- Special Sections
- Public Notices
INDEPENDENCE — After riding out a wave of state financial cuts through local tax increases, Grayson County will once again be forced to dig deeper into its pockets after additional cuts announced by Gov. Tim Kaine.
Earlier this month, Kaine released a plan to close the gap on a $1.35 billion shortfall in the state. The plan called for one day of unpaid leave for most state workers and a reduction in contributions to the state employee pension plan and another withdrawal from the rainy day reserve fund.
The plan includes reductions across the board, including a 6.9 percent decrease in sheriff’s and regional jails, 9.9 percent for commonwealth’s attorneys, 15.6 percent for circuit court clerks and 17.6 percent for treasurers, finance directors and commissioners of the revenue.
The reductions are identified as “bottom-line” budget adjustments, and not an adjustment to specific line items or salaries in the budget.
Grayson County Administrator Jonathan Sweet said Grayson is “still looking at what percentage cuts correlate to in exact dollars for our respective constitutional offices.”
The county is looking closely at finances from a comprehensive perspective and has identified potential threats to its fiscal health, Sweet said.
“We are preparing to work with the constitutional offices to develop a plan of action to help address the state cuts and mitigate the impacts to services and personnel as much as possible.”
Grayson is not alone, Sweet said. He noted that many localities across the country are not only facing financial challenges this year, but for years to come.
“The [board of supervisors] is looking to take a team approach to weather this storm and rely on all accountable departments to share the solution,” Sweet told The Gazette. “I feel confident that we can all work together to get through these trying times and position Grayson County to enjoy a healthy financial future.”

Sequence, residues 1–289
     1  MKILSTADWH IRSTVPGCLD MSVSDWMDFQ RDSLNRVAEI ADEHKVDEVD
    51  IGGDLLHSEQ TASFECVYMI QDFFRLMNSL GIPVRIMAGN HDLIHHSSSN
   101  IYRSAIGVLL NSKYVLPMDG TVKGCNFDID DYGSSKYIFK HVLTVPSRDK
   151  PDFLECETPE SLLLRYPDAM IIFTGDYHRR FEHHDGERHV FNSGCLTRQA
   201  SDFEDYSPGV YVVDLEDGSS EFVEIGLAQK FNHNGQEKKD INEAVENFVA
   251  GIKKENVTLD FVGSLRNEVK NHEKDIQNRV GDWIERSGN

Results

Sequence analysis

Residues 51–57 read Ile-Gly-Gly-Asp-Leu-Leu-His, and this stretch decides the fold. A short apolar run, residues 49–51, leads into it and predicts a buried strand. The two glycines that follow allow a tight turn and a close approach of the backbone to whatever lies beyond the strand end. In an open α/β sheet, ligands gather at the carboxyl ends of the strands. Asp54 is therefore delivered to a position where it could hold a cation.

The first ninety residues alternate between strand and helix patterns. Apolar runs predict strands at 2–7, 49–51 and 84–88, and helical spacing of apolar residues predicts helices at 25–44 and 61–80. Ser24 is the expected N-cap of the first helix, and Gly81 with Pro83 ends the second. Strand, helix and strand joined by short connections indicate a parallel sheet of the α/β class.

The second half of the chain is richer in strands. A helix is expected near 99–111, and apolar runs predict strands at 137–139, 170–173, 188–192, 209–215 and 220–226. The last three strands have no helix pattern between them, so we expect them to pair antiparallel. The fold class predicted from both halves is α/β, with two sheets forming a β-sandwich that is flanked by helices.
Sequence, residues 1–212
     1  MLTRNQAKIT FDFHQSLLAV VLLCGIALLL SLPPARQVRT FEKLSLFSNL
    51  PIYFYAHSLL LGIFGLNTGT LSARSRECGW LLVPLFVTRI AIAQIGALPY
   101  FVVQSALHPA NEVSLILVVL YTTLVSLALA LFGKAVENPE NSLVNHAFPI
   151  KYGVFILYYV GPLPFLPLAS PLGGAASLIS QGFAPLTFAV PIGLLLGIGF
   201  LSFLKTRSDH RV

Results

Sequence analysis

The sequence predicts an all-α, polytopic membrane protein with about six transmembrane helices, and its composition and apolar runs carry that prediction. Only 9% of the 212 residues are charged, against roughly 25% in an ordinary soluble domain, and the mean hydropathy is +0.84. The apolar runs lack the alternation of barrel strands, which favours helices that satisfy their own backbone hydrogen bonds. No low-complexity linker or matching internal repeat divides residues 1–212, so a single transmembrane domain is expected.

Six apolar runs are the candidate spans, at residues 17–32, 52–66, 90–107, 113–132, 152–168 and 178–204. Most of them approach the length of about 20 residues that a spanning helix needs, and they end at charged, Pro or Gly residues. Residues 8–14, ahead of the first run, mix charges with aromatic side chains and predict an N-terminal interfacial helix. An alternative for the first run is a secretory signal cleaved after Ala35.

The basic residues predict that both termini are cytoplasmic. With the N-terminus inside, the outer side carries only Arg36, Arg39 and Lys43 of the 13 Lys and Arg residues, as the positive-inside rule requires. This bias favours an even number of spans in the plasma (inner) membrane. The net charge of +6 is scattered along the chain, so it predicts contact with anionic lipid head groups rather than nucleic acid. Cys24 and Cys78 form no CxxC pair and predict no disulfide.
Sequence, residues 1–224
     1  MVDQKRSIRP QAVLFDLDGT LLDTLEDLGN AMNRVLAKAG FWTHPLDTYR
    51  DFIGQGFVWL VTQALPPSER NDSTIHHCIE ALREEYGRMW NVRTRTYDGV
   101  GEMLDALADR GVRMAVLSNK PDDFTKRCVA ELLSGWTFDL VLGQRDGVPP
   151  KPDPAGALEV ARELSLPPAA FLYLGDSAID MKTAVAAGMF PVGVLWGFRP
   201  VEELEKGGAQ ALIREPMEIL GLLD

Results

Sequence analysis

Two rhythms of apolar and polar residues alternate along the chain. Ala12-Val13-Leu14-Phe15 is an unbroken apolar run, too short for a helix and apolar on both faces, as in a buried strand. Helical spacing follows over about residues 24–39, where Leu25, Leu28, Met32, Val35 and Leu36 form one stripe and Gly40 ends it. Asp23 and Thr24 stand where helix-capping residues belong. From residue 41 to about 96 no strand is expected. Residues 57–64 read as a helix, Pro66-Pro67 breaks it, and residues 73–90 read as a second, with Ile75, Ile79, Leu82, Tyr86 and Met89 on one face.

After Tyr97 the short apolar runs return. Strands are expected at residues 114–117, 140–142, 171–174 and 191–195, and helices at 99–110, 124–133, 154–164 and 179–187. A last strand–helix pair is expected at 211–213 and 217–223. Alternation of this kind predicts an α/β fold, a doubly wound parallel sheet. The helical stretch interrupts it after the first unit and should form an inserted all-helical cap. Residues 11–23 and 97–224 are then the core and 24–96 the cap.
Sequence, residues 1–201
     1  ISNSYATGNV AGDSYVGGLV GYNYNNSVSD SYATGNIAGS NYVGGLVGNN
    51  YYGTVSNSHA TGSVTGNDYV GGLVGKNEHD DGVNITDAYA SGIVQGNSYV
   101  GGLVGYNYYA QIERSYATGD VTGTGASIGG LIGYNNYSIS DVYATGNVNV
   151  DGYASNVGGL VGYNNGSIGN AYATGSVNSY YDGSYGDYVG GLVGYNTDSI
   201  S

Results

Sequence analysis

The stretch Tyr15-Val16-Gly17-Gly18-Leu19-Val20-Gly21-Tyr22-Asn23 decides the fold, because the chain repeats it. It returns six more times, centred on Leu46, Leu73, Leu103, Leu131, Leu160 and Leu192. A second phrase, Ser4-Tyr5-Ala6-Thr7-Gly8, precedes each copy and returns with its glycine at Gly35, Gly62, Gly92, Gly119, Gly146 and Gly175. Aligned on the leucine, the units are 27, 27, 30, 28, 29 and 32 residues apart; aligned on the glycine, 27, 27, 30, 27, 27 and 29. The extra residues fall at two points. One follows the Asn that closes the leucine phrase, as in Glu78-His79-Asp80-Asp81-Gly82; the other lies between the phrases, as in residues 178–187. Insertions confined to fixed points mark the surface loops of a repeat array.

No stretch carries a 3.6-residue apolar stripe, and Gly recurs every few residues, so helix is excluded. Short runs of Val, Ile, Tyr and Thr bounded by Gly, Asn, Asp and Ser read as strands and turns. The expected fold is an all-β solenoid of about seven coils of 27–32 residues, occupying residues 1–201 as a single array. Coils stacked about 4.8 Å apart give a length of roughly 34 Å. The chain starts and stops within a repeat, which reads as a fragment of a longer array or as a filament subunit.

Kaine also proposed $4.5 million in cuts to the Virginia Cooperative Extension and Virginia Agricultural Experiment Station at Tech. The plan eliminates 929 positions in state government and results in 293 layoffs.
It marks the fourth time Kaine has proposed cuts in the two-year budget that expires June 30, 2010.
The governor also called for another round of cuts to state colleges. He reduced state funding by as much as 15 percent for the colleges, but said he will seek to accelerate the use of federal stimulus money to cushion the impact of those cuts. No cuts were proposed to the budget for grades K-12.
Kaine and lawmakers revised the $77 billion budget earlier this year to account for a cumulative shortfall of $3.7 billion, but that plan projected a slight increase in tax collections for the fiscal year that began July 1.
Kaine ordered more cuts after his administration determined that state revenue will decrease for a second straight year. The shortfall affects the general fund portion of the budget, which stands at $31.8 billion for the biennium.
Landmark News Service contributed to this report.